Finally, the ‘ugly’ sea lamprey is also respected

This story was originally Appears on Yale environment 360 and is part of Climate table cooperation.

“Thousands of lampreys swim upstream [on the Connecticut River] each year. This is the predator that wiped out the Great Lakes trout fishery. [Lampreys] literally sucking life out of their hosts, specifically small-scale fish like trout and trout. Fish ladders should be used to shrink lampreys.” So editor Eagle-Tribune by Lawrence, Massachusetts, on December 15, 2002.

If that’s true, why this spring Trout Unlimited—the nation’s leading salmon and trout advocate—supported the Town of Wilton, Connecticut, and an environmental group called Save the Sound in a project Will the project restore 10 miles of sea lamprey breeding habitat on the Norwalk River that flows into Long Island Sound?

Why this summer will be the first big profit from stocked Pacific lampreys—a species similar to sea lampreys—climbing specially designed lamprey ramps at dams on the Columbia River and spilling into historic breeding habitats in Oregon, Washington, and Idaho?

And why, when the canal at Turners Falls on the Connecticut River is drained in September, the Connecticut Rivers Conservancy, Fort River Watershed and Biocitizen Environment will rescue stranded sea lamprey larvae?

The answer is ecological awakening—the gradual realization that, if all of nature is good, no part is bad. In their natural habitat, sea lampreys are the “key species” that support extensive terrestrial and aquatic ecosystems. They provide food for insects, crayfish, fish, turtles, weasels, otters, vultures, herons, loons, ospreys, eagles, and hundreds of other predators and scavengers. Lamprey larvae, located in stream beds, maintain water quality by filtering food; and they attract breeding adults from the sea by releasing pheromones. Because the adults die after spawning, they transfer nutrients from the sea into sterile watersheds. As lampreys build their nests, they clear silt from the riverbed, providing a spawning environment for a multitude of native fish, especially trout and trout.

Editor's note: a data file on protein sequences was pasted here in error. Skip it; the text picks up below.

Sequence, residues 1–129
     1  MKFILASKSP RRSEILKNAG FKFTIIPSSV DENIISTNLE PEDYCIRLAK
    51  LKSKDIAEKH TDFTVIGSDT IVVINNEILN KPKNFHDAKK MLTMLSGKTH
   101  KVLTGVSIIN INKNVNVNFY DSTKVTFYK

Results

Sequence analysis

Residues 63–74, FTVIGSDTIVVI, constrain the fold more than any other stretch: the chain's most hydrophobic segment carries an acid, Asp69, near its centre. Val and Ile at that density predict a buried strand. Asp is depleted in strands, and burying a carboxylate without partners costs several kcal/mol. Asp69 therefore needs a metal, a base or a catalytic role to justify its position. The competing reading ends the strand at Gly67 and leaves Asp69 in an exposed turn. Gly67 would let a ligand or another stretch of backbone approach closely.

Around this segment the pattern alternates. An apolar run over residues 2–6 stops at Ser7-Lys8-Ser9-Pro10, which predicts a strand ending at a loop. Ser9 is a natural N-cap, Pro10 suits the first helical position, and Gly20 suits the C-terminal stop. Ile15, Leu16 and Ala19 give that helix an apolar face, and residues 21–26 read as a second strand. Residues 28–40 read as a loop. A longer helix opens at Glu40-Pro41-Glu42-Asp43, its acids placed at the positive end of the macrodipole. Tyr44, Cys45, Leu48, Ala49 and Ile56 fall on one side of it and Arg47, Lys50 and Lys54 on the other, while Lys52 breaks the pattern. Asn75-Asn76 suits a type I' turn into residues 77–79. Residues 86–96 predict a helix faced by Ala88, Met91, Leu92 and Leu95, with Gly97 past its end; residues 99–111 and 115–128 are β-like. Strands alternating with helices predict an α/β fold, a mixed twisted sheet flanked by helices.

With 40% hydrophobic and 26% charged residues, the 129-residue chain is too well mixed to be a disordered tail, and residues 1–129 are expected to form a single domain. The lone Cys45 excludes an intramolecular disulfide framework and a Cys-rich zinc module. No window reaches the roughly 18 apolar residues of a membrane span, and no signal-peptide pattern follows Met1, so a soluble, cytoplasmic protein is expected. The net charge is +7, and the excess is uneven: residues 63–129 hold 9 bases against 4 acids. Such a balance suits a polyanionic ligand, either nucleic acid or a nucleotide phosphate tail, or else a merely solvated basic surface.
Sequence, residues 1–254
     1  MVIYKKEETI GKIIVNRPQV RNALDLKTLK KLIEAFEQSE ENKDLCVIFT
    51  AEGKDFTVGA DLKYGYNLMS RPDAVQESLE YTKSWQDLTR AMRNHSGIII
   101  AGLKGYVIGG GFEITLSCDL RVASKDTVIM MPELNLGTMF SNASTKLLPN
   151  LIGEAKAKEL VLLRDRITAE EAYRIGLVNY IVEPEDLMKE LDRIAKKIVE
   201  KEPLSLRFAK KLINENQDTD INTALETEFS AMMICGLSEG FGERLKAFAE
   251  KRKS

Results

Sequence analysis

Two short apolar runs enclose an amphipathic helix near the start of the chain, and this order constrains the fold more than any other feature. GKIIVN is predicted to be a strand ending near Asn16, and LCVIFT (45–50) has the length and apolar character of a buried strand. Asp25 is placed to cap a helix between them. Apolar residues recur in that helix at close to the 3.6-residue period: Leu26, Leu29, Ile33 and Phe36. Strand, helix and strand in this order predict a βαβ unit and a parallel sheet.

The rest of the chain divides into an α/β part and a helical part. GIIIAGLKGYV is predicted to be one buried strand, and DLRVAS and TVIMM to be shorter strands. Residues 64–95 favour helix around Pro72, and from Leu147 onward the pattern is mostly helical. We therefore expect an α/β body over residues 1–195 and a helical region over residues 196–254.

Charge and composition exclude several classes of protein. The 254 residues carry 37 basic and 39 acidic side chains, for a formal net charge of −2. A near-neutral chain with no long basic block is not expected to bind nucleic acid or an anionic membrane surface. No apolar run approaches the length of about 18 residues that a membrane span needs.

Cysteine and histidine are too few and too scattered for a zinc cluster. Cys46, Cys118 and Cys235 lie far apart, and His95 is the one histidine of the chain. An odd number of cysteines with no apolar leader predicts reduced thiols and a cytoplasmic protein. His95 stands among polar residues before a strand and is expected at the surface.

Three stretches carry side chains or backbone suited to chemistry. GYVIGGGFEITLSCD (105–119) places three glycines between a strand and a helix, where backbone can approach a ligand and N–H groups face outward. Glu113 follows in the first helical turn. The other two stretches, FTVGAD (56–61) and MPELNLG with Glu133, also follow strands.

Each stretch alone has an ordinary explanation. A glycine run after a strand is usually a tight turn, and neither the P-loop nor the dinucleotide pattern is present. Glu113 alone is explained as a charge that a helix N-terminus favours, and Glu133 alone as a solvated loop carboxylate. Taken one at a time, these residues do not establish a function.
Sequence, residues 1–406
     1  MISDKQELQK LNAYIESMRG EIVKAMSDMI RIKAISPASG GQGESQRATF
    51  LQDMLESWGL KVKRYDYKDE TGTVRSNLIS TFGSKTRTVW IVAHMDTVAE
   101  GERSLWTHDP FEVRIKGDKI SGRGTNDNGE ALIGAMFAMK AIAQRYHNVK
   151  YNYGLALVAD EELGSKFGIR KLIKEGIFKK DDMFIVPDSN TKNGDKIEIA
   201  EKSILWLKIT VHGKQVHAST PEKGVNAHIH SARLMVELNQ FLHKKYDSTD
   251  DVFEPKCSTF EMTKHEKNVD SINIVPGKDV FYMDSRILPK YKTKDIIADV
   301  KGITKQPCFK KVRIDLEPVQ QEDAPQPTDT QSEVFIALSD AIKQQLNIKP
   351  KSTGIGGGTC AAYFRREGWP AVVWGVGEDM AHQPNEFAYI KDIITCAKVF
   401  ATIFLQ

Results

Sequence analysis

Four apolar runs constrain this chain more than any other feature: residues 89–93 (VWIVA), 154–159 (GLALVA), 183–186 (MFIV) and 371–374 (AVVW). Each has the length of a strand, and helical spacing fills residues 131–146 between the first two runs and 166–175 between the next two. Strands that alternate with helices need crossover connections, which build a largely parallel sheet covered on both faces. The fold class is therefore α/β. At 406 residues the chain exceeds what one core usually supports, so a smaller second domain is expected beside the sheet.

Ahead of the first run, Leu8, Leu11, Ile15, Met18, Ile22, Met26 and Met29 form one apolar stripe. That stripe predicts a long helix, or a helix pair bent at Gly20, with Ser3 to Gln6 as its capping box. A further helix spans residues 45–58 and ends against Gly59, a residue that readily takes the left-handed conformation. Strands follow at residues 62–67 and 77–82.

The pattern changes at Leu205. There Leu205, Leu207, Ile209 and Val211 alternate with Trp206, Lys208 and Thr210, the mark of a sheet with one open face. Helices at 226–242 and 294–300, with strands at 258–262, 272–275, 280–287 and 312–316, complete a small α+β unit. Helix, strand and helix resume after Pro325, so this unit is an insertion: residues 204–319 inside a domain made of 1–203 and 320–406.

Environmental consultant Stephen Gephard, formerly head of Connecticut’s anadromous fish group, calls lampreys “environmental engineers” just as important to native ecosystems as beavers.

Sea lampreys, which are about 340 million years older than us, depend on cold, free-flowing freshwater to reproduce. They are boneless, jawless, eel-like fish with fleshy fins. They suck the body fluids of other fishes through toothed suckers. Both the sea lamprey and the Pacific lamprey are widely denigrated because they are considered “ugly” and because the lampreys slaughtered native fish species upstream of the Great Lakes as they approached the Great Lakes. access to that body of water through man-made canals, most likely the Welland Canal bypassing Niagara Falls. Once there, they nearly wiped out the valuable commercial and sport fisheries of lake trout (the largest, non-true trout such as rainbow trout, cutthroat trout, and trout. brown).

By the 1960s, non-native sea lampreys had reduced the annual commercial production of lake trout upstream of the Great Lakes from about 15 million pounds to half a million pounds. In 1955, Canada and the United States established the Great Lakes Fisheries Commission, which controls lampreys with barriers, traps, and a specially selected larval poison called TFM. Lampfish control costs $15 to $20 million a year; and without it, the ongoing lake trout restoration would not be possible and the populations of all other sportfish would be in decline.


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